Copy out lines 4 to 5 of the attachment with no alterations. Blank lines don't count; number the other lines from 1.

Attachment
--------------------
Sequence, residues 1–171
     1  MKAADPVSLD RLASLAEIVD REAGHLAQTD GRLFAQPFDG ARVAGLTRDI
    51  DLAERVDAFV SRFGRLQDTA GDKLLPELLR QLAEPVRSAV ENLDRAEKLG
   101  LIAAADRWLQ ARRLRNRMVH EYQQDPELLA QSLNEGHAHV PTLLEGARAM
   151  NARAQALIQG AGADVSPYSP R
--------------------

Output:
   101  LIAAADRWLQ ARRLRNRMVH EYQQDPELLA QSLNEGHAHV PTLLEGARAM
   151  NARAQALIQG AGADVSPYSP R